Based on the experience of other nuclear countries, North Korea appears a long way from developing both a missile and a warhead to launch a nuclear weapon to great distances. Fielding a nuclear weapon on its shorter-range No-Dong missiles would take less time, but it may require another nuclear test. In the early 1990s, the CIA reported that North Korea may have had enough plutonium for one or two bombs. Albright and O’Neill9 reported the uncertainty in that estimate, noting that it varied from 10 kilograms plutonium to perhaps less than 2 kilograms. They also reported that non-nuclear explosive experiments, which are prerequisites for a plutonium bomb, were conducted at Yongbyon in the 1980s, leaving little doubt that Pyongyang was pursuing the bomb. In parallel, North Korea asked the Soviets to build light water reactors to help meet North Korea’s energy demands. North Korea joined the NPT in 1985 because the Soviets made consideration of LWRs contingent upon joining the Treaty.
By this time, the 5 MWe experimental reactor produced electricity and heat for the local town, as well as approximately 6 kilograms (roughly one bomb’s worth) of weapons-grade plutonium per year. The fuel fabrication and reprocessing facilities were operational, and the two bigger gas-graphite reactors were under construction. This brief review of North Korea’s acquisition of nuclear capabilities will only touch on the important political milestones that helped to shape it; a more complete discussion will be presented in the next section. Kim Il-sung, the country’s founding father, laid the foundation for nuclear technology development in the early 1950s.
Despite being a state party to the Biological and Toxin Weapons Convention and Geneva Protocol, evidence suggests North Korea may maintain an offensive biological weapons program. North Korea (formally, the Democratic People’s Republic of Korea or DPRK), has active and increasingly sophisticated nuclear weapons and ballistic missile programs, and is believed to possess chemical and biological weapons capabilities. After World War II, the Japanese forces in the northern region of Korea surrendered to the Soviet Union, and Soviet troops took control of the northern region of the country. The North Korean leadership continues to rattle its sabers, but now they are nuclear-tipped. The outcome of such a renewed conflict, though, would be less certain than the previous engagement, and it could well be that the North Koreans could succeed at conquering their southern neighbor, at least in the short term. “The Dear Leader” may be ailing, but he still appears to possess the wherewithal to prosecute a fighting war with South Korea and its staunch but overextended ally, the United States. Other hard facts about North Korea, though, are difficult to come by and even more problematic to confirm, but U.S. government analysts have developed some current insights about the country.
North Korean Nuclear Nationalism And The Threat Of Nuclear War In Korea
As a result, it inspires some of the best fiction and nonfiction, so the upside of the risk of nuclear war is an excuse to dip into literature that offers glimpses of http://www.mcauae.com/key-word-outline/ this other world — and some insights into how to deal with it. The United States plays an indispensable role in proliferation prevention, but it can’t go it alone.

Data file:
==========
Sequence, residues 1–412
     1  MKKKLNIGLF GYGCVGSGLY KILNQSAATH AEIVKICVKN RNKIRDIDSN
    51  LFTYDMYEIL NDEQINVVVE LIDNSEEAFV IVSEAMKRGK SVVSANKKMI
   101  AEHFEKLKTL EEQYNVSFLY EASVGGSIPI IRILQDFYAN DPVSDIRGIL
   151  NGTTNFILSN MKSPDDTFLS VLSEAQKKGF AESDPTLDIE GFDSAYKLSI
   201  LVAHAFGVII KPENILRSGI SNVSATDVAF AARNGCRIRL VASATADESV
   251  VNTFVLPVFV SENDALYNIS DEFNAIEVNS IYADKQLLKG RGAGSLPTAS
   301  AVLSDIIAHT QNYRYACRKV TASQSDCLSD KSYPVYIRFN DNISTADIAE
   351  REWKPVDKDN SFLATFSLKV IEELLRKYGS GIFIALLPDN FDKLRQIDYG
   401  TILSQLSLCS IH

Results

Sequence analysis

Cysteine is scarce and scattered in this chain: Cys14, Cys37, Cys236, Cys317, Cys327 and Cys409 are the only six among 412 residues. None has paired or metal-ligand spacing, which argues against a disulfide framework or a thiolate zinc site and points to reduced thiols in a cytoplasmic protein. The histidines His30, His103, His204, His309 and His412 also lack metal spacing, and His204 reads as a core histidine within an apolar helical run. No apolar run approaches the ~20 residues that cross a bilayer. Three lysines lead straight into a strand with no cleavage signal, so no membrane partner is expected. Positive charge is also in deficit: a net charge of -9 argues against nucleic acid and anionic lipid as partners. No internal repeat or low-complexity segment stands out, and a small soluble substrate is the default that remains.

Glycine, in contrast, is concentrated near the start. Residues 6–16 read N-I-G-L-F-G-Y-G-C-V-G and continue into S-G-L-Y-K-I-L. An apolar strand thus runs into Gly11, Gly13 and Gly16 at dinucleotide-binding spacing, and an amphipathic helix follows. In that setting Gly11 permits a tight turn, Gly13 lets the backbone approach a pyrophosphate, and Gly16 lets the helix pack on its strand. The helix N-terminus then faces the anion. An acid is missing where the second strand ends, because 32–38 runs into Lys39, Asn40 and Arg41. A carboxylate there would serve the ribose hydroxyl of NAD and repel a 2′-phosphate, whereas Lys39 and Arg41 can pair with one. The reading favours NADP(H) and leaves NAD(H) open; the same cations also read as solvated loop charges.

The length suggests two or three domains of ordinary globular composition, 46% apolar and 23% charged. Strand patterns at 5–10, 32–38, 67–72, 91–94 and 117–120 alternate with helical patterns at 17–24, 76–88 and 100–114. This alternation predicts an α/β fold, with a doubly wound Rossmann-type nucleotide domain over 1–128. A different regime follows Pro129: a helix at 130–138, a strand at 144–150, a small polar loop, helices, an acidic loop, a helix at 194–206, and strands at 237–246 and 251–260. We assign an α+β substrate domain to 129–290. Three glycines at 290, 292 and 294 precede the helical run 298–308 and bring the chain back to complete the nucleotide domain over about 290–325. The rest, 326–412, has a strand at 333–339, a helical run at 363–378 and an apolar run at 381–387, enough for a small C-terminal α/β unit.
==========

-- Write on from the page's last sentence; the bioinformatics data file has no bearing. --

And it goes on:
Figure 2: Major North Korean Import Partners
However, evidence is overwhelming that Pyongyang built a plutonium-producing reactor for Syria that was destroyed by an Israeli http://partnerarrows.com/1984-outline-final-3/ air raid in September 2007. It appears quite likely that it exported to Libya uranium hexafluoride, the precursor to HEU.
The Foreign Policy Essay: China’s North Korean Challenge
The Soviet “Atoms for Peace” initiative, modeled after President Eisenhower’s initiative of the same name, enabled several hundred North Korean students and researchers to be educated and trained in Soviet universities and nuclear research centers. The Soviets built a research reactor, the IRT-2000, and associated nuclear facilities at Yongbyon in the 1960s. North Korean specialists trained at these facilities and by the 1970s were prepared to launch a nuclear program without external assistance. We all know of South Korea and North Korea but the latter has always elicited public debate. Well, Korea is one of the countries that once split due to war and ideological differences hence the present day situation of a rather controversial country and a generally calm one. The two countries share a border territory and the relation between them has always remained terse and tense.
The first was only partially successful; its explosion yield was estimated as slightly below 1 kiloton . The second was more successful, with an estimated yield of 2 to 4 kilotons. I believe the test results indicate that North Korea can build a Nagasaki-like simple plutonium bomb with a yield of 20 or so kilotons, and most likely possesses a nuclear arsenal of four to eight such primitive weapons today.
- Nuclear threat in Korea is superimposed on the division of Korea and the conflict between the DPRK on the one side of the Demilitarized Zone , and the US-ROK combined forces on the other.
- Korea had endured Japan’s ruthless colonization for 36 years, where men were subject to compulsory military service and women were forced to serve as comfort women to Japanese soldiers.
- Food had also been scarce, for it was taken away by the Japanese to fill their own food supplies.
- It is the local conflict that created the risk of nuclear war in Korea historically; and it is the local conflict that generates the risk of nuclear war posed by North Korean nuclear weapons today.
- Thus, the political and military significance of nuclear weapons in Korea derives from the underlying driving forces that sustain this standoff.
We found that Pyongyang was willing to slow its drive for nuclear weapons only when it believed the fundamental relationship with the United States was improving, but not when the regime was threatened. Pyongyang was willing to tolerate the six-party negotiations, but progress was made only when Washington agreed to bilateral dialogue. Washington holds the key to incentives, but by itself cannot how to cite an essay impose sufficient disincentives to eventually convince North Korea to give up its weapons. It must have support from Beijing and Seoul, both of which have very different strategic objectives. Many believe that the bomb is only a bargaining chip and that North Korea is willing to sell it for the right price. However, for reasons stated above, there is no price high enough for Pyongyang to sell.